The Malone Center for Engineering in Healthcare (MCEH) recently awarded two grants through the center’s Seed Grant Program, which aims to help faculty compete more successfully for interdisciplinary, multi-investigator grants.
One newly awarded project will explore how artificial intelligence can predict glaucoma risk; the other aims to measure how elderly patients benefit from physical activity prior to surgery.
“Our Seed Grant Program is designed to jump-start collaborations that will expand on the immense potential for engineering to positively impact the effectiveness and efficiency of healthcare, ” said MCEH Director Greg Hager. “This cycle’s funded projects highlight two areas central to the Malone Center – AI and mobile health – and do so in the high value areas of rehabilitation and ophthalmology. We hope that these seedlings will grow and mature into larger and broader joint initiatives in these areas.”
Established in 2018, the MCEH Seed Grant Program has supported projects focused on spine surgery, cardiac surgery, and hand rehabilitation after stroke. Two of the projects have submitted proposals to the NIH for additional funding.
The 2019 funded projects are:
Predicting Glaucoma Risk Using Artificial Intelligence (AI)
Mathias Unberath, Assistant Research Professor, Department of Computer Science
Jithin Yohannan, MD, MPH, Assistant Professor of Ophthalmology, Johns Hopkins Wilmer Eye Institute
Glaucoma is the second leading cause of blindness globally, with approximately 79.6 million people expected to be affected by the disease by 2020. A small subset of glaucoma patients will experience rapid glaucoma worsening that, if untreated, can quickly lead to complete vision loss. Identifying these rapid progressors early is critical for ophthalmologists to perform interventions that can preserve a patient’s eyesight.
Mathias Unberath, MCEH assistant research professor, is teaming up with Hopkins ophthalmologist Jithin Yohannan to explore a data-driven solution to this problem. Unberath will develop machine learning algorithms that can accurately identify patients at risk for undergoing rapid glaucoma progression, based on multimodal clinical data that is acquired as part of routine glaucoma care at Wilmer Eye Institute. To this end, the team plans to aggregate functional, structural and clinical information – automated visual field tests, optical coherence tomography images, and clinical parameters such as intraocular pressure – to better understand the factors that contribute to rapid progression.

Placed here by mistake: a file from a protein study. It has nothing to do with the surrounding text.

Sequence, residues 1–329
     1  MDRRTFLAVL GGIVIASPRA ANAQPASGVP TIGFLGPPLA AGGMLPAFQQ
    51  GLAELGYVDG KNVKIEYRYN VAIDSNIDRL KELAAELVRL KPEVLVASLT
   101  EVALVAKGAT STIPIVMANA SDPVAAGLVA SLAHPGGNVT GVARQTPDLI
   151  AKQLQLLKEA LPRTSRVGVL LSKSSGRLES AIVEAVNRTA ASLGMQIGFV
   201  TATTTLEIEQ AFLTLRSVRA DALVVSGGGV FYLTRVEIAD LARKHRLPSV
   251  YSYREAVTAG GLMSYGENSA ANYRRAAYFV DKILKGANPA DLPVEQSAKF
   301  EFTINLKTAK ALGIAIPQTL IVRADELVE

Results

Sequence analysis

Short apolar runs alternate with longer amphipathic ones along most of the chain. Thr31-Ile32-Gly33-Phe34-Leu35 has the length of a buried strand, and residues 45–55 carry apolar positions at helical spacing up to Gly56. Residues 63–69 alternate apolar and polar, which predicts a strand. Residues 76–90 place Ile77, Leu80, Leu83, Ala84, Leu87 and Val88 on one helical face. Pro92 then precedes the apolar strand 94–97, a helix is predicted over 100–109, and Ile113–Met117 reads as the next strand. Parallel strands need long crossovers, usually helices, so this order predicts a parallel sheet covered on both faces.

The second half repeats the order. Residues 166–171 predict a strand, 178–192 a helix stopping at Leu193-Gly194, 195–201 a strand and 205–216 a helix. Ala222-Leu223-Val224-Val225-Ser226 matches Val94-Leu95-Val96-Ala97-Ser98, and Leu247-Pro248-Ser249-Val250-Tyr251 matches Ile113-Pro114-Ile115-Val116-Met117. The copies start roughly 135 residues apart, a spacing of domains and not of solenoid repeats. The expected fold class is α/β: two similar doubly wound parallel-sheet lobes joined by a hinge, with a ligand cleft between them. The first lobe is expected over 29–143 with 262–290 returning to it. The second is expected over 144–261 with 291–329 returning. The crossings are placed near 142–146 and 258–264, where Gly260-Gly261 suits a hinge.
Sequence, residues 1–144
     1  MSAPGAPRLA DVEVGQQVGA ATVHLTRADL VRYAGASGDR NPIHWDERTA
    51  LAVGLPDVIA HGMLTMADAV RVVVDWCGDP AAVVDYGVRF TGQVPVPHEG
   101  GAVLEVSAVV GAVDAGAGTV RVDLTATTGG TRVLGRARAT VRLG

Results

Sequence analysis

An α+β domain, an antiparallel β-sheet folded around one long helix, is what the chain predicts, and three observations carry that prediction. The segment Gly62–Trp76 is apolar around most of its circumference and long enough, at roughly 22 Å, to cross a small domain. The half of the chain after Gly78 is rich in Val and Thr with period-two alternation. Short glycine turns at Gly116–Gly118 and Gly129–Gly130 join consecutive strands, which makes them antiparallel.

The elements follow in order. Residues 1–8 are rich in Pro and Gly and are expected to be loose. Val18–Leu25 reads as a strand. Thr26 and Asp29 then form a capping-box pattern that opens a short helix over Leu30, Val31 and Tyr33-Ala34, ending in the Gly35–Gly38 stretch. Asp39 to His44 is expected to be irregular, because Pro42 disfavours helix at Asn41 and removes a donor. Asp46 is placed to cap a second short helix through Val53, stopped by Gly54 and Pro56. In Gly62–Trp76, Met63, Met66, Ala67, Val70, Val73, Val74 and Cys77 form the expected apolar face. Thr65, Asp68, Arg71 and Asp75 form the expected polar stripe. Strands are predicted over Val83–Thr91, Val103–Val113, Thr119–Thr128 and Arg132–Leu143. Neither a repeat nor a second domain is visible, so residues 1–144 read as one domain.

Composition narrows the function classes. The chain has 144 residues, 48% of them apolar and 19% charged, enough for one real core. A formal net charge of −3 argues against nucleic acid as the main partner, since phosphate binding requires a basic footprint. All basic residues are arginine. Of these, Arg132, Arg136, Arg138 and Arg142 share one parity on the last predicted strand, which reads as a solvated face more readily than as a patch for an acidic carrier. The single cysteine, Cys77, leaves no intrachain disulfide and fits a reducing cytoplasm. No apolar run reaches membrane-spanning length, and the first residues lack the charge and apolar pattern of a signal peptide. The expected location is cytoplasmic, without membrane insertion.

“It is exciting to develop this algorithm in close collaboration with its intended end users, our clinical collaborators at Wilmer,” said Unberath. “Not only are we interested in generic measures of performance, but we hope to develop a system that enables ophthalmologists to treat patients with higher confidence and deliver more effective treatments. In a similar effort, Wilmer has recently established the Wilmer Artificial Intelligence Research Network with ties to the Malone Center, and we are excited to be among the first collaborations to reinforce this network.”
Enhancing Mobility in Geriatric Patients Prior to Major Surgery
Anton Dahbura, Associate Research Scientist, Department of Computer Science
Erik Hoyer, MD, School of Medicine, Department of Physical Medicine & Rehabilitation
Daniel Young, PT, DPT, PhD, School of Medicine, Department of Physical Medicine & Rehabilitation
Older adults are highly susceptible to postoperative complications following major surgery. A growing body of research shows that physical conditioning prior to surgery, often called “prehabilitation,” can provide significant benefit to patients, including reduced complications, shorter recoveries, and lower costs. However, tools to measure the effectiveness of prehabilitation are currently lacking.
Anton Dahbura, MCEH associate research professor, is looking to wearable technology for new insights on the benefits of prehabilitation. His team has developed a platform that can collect data from wearable activity monitors and display feedback to patients on their smartphones. By continuously monitoring patient activity with wearable devices, the team hopes to apply analytics to determine the true relationship between pre-surgery activity levels and surgical outcomes.
In collaboration with Erik Hoyer and Daniel Young in the Department of Physical Medicine & Rehabilitation, Dahbura will conduct an initial study focused on older adults (over the age of 65) who are preparing for major abdominal colorectal surgery.
“Surgery is expensive and high risk, especially for geriatric patients,” said Dahbura. “This study will revolutionize our ability to motivate and direct these patients during pre-surgical preparation with targeted, effective prehabilitation prescriptions.”
*Malone Center Seed Grant applications are accepted on a rolling basis. All Malone Center faculty, as well as outside researchers interested in collaborating with Malone faculty, are encouraged to apply. For more information, visit https://malonecenter.jhu.edu/seed-grant-program/